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Ray Rushing

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About Ray Rushing

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  • Occupation
    Cinematographer
  • Location
    Midwest
  • Specialties
    Commercials, corporate, music videos
  1. That's excellent Michael. I just watched a couple but I'll go back through. Great resource.
  2. Thank Michael. This is helpful. Locking the shutter rate makes sense.
  3. I am coming to cinematography from photography and I am looking to learn as much as I can. Besides actually shooting with it or getting on a set that is shooting film are there any good resources out there to learn some of the basics? I've tried googling but the term "film" typically just leads to tutorials about filmmaking or breakdowns of films. I'm looking for something specific to shooting on film.
  4. Looks great! Are you shooting 180 degree shutter the whole time? Just curious...I shoot 180 a lot and feel like I get too much motion blur. This video seems to have just the right amount. Cheers!
  5. Thanks Robert. I'll check that out. I'm feeling like MoCo isn't necessary but this is still good to keep in my back pocket.
  6. We do have a prep day and will shoot a test there. Unfortunately I'm in a small market and the dolly is coming with the gaffer and isn't available before hand. We have a motorized option available should the dolly not work. We will be using skypanels for the overhead now and they will be on the dimmer board. Just haven't sorted out the light we will use for the sun. The rental shop only has small tungsten lights which is why I'm leaning to the HMI. Tungsten was my original thought. I don't think they have an LED that's powerful enough either but still working on that. Ideally all the lights would be LED and just run from the board.
  7. I don't need each shot to match. Since this will be one take that gets used we will just be looking for the best take. I'm going to propose we do shoot some cut aways too just so they have option in the edit. Thanks JD. That's how I was feeling about it but just wanted confirmation..
  8. I'm doing a shoot in a couple of weeks where there will be a lighting change during a timelapse shot. Camera will dolly around the subject and the shot will be sped up in post to create the timelapse. So for the lighting the director wants to start out with a sunny look, then go to overcast (not too dark though), then to overcast with rain (again not too dark, more like a spring shower), the finish back at sunny. Now I have a pretty good idea of how to do it with an unlimited budget but that's not the situation. I have about $3500 total for G&E and we are shooting on a stage with green screen so some of that will be going to the spacelights on the stage. Additional info: We will be shooting somewhere between 5.6 and 8. We have access to a DMX board to control the transition. First thought was HMI for the sun and Skypanels overhead for the overcast bit. Then have a book light on the ground to fill in the shadows a bit and a leko to edge the rain. Of course the HMI won't be dimmable but I was thinking we could block it with a 4x4 of black and then uncover it again at the end. The rental house here is pretty limited and their tungsten lights are all pretty small. Love to hear other ideas for this. I'm sure there's something simpler that I haven't thought of.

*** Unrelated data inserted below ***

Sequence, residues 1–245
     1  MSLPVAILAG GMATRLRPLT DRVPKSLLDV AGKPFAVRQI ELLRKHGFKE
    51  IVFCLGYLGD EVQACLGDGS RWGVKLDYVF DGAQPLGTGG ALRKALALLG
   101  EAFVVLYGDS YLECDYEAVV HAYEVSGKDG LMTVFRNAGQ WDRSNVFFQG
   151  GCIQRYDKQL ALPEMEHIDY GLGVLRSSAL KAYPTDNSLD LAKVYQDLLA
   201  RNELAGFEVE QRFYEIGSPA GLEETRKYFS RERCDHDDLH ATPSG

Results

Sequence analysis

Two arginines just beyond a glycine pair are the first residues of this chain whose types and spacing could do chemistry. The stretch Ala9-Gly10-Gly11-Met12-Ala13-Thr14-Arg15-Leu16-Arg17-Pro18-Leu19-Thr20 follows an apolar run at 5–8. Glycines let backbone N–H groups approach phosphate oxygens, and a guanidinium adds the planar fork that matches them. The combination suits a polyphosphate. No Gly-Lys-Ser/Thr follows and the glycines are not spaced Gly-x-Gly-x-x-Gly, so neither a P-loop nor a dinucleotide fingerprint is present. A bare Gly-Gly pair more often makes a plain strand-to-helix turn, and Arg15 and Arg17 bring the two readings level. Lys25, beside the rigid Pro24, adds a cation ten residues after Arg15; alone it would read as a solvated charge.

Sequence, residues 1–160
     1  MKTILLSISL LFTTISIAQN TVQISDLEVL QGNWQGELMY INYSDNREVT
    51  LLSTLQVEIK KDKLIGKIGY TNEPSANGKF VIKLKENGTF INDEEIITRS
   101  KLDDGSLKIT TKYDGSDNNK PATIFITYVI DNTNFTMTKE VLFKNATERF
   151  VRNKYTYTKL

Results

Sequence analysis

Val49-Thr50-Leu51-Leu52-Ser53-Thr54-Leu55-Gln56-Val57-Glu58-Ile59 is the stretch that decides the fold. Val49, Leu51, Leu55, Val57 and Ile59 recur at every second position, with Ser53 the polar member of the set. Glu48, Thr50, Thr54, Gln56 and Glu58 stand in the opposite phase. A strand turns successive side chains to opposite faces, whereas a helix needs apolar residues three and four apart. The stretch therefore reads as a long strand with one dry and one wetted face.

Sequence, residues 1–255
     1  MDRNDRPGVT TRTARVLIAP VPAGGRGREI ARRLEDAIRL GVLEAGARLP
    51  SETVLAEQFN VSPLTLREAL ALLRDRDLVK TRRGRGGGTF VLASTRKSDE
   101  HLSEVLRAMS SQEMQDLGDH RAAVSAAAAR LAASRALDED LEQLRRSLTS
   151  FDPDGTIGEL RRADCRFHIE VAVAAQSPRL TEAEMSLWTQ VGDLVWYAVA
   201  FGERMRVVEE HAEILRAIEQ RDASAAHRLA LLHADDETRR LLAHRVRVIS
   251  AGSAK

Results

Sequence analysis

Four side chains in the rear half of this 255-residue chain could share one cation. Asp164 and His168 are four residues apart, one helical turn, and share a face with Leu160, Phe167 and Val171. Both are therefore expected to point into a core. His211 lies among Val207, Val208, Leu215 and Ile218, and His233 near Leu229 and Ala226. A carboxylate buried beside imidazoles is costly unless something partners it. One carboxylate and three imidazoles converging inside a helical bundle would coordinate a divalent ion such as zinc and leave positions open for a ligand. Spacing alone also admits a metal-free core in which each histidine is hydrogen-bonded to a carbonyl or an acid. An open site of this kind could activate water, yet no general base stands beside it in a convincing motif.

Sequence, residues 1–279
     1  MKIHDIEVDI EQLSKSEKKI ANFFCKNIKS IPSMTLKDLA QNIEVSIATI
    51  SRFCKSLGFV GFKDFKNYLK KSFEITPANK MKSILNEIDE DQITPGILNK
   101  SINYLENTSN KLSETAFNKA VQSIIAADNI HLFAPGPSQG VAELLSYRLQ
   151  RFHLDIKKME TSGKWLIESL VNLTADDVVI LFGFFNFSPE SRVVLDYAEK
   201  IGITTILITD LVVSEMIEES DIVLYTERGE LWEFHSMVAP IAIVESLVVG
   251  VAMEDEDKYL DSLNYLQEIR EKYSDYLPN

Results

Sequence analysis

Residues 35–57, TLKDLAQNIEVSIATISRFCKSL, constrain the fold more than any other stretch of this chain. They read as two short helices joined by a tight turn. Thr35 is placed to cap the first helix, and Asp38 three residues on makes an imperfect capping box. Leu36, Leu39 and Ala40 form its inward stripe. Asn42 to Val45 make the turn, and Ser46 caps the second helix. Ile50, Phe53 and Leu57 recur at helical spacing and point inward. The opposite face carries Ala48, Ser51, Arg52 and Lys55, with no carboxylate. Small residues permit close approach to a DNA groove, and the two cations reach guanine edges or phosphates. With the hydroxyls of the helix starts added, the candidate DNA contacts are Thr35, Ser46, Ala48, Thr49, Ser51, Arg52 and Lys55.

9. I have a shoot coming up where the director wants to do a timelapse of a brick wall being built. It's a pretty tight shot but he wants a lot of movement (probably close to 90 degree turn). We will be shooting on a stage with a green screen and there will be a lighting change going from sunny to overcast to rain to sunny again. Now we aren't going to be building an entire wall just a small section. The director's plan is to have the builder work for about 10 or 15 minutes while the camera dollies on a curve around him and the lighting change happens. The camera will be moving very slowly and then he is going to speed the shot up considerably to get the timelapse look. I will be experimenting with actually shooting timelapse as well and my guess is that will work better. This will be a one take shot so motion control isn't absolutely necessary. We are looking at a Kessler option but I think the move it's capable of will be too short. So, has anyone done a dolly move like this for timelapse? I've done some hyperlapse stuff and it almost feels like that. However, I'm worried the speed will be too inconsistent and once sped up it will look dumb. Any help is appreciated.
  10. Nevermind. Shoot changed. No longer need to be on water.
  11. Not sure if this is best forum to post in or not. I'm looking for a tank similar to the Blue Sky parking lot at Paramount but in Florida. http://www.paramountstudios.com/stages-backlots/blue-sky-tank.html
  12. Looking for references for an upcoming shoot. Looking for something shot on a cyc that does some cool color changes. Like white cyc to blue or red.
  13. Kessler's Second Shoot is good for lighter camera packages. They also make a system called CineDrive for heavier builds. We own a Second Shoot for timelapse and it works great. I would imagine it would handle push in and pull out shots well if using a DSLR or similar weight camera. http://www.kesslercrane.com/motion-control
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